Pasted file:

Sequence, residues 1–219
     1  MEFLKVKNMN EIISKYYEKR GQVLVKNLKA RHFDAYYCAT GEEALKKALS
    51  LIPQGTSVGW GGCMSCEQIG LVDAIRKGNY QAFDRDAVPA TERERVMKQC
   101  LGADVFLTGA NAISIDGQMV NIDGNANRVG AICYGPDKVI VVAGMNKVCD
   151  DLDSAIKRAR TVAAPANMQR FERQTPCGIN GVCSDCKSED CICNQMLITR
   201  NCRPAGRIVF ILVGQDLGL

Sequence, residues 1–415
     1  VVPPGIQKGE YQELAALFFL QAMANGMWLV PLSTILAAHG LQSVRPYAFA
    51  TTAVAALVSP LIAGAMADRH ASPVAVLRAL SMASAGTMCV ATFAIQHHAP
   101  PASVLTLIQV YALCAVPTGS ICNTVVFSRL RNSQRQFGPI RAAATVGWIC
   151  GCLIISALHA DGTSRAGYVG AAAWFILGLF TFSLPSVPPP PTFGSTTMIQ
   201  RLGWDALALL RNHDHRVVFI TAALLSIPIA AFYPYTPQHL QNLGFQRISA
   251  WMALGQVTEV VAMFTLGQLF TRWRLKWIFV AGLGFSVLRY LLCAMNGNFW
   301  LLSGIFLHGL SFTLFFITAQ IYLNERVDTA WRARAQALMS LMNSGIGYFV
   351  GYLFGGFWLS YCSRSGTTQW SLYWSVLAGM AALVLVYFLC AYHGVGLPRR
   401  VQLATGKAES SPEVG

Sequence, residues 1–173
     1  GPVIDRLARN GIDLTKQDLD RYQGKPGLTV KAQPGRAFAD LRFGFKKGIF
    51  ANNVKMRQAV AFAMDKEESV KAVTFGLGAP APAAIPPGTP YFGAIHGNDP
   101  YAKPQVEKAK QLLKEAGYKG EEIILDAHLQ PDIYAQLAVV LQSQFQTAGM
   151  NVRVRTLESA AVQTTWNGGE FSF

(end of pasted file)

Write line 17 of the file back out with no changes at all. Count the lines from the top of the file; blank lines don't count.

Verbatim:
Sequence, residues 1–173